The U.S. economy is on a solid course with some hints of inflation so the Federal Reserve is on track for further interest rate hikes, Federal Reserve Chair Janet Yellen said on Thursday in a defense of her decision to tighten policy late last year.
In a rare spectacle, Yellen spoke on a New York panel alongside her three predecessors who ran the world’s most powerful central bank. She said that, seven years after the brutal financial crisis, the U.S. labor market was now “close” to full strength, again arguing that inflation would not be held down much longer by the strong dollar and low oil prices.
“The U.S. economy has continued to progress in a satisfactory way. We continue to see good job performance, some evidence of inflation moving up, so that was our expectation when we raised rates in December,” she said at the International House, a New York non-profit residence for students.
“So yes, there is accommodation in the monetary policy that we have. But we think the gradual path of rate increases will be appropriate,” Yellen added. “We remain on a reasonable path and I don’t think December was a mistake.”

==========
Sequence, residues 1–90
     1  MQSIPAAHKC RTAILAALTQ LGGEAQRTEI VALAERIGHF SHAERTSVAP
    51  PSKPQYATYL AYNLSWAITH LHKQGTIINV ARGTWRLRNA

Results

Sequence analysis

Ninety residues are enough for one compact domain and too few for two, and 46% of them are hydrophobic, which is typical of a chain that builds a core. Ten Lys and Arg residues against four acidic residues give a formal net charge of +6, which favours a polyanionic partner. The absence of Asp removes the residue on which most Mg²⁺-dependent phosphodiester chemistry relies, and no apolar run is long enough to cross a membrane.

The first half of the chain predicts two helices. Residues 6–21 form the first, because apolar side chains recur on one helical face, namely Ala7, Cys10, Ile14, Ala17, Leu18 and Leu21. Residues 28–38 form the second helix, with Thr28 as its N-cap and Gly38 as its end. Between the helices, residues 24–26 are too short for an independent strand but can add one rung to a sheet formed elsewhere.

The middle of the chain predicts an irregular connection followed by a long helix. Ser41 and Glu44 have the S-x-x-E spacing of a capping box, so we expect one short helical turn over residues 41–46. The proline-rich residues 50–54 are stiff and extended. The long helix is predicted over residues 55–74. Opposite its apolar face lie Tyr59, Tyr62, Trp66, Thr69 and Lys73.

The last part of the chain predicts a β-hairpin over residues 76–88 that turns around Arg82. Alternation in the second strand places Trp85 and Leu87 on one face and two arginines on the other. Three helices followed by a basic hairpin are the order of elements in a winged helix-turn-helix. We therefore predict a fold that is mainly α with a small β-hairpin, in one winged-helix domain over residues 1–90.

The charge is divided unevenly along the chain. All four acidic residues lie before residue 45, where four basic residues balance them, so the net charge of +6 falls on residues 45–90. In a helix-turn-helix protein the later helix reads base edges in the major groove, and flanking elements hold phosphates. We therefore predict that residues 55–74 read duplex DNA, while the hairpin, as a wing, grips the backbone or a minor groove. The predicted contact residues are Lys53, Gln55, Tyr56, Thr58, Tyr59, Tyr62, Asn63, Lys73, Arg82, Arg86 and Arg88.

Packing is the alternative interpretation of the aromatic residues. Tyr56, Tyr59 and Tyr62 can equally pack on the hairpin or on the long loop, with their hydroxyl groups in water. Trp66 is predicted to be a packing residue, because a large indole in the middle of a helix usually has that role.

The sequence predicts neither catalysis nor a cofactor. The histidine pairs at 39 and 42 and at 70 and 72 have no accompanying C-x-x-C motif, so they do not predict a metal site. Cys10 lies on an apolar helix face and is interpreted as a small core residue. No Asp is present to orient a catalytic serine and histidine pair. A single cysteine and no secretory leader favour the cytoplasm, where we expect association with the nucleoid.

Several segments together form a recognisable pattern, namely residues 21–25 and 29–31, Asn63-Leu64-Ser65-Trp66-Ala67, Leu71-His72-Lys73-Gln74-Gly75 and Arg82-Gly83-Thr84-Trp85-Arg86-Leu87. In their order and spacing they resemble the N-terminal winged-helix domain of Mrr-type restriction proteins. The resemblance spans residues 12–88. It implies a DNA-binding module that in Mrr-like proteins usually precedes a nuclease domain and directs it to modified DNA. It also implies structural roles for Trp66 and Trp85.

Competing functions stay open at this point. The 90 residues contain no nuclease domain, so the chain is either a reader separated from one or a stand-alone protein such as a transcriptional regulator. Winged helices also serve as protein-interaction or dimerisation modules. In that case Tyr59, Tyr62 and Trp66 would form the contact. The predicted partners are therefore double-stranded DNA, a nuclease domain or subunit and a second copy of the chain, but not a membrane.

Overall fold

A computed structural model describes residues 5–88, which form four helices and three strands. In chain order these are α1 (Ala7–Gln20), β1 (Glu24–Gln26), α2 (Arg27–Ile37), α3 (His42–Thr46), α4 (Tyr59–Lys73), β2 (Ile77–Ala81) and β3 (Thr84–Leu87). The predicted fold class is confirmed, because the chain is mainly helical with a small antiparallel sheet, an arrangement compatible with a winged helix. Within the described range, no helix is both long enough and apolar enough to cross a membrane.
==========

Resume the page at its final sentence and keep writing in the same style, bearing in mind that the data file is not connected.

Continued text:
The Fed raised its benchmark policy rate in December, the first increase in nearly a decade, to between 0.25 percent to 0.5 percent.
Ben Bernanke and Paul Volcker joined the current Fed chair at the conference, and Alan Greenspan appeared via teleconference screens next to the stage. Between the four of them, they ran the Fed for a third of its 102-year history. This included Volcker’s taming of the 1970s runaway inflation, and Greenspan’s 18-year run of relative economic stability and financial deregulation that ultimately led to the 2007-2009 Great Recession.
In a casual moderated discussion, they expressed a remarkable amount of agreement over each other’s varied handling of the economy. They also agreed that China’s growing prominence posed more opportunity than threat, and that fiscal policymakers should step up more to support the Fed’s economic stimulus.
A hot topic for the panelists was the U.S. election campaign, in which Republican presidential front-runner Donald Trump has lambasted the central bank for helping to stoke asset bubbles.
“I certainly wouldn’t describe this as a bubble economy,” Yellen said, noting a “healing” labor market in which unemployment is 5 percent, or about where the Fed wants it.
While Volcker admitted he saw some “overextended” parts of the financial system, he agreed with Yellen, saying he does not believe the United States is in an economic bubble.
Asked about the monetary policy adage in which the Fed takes away the punch bowl just as the party gets going—and whether any of his successors added too much vodka—Volcker, who ran the Fed from 1979 to 1987, said: “My successors were great, all.”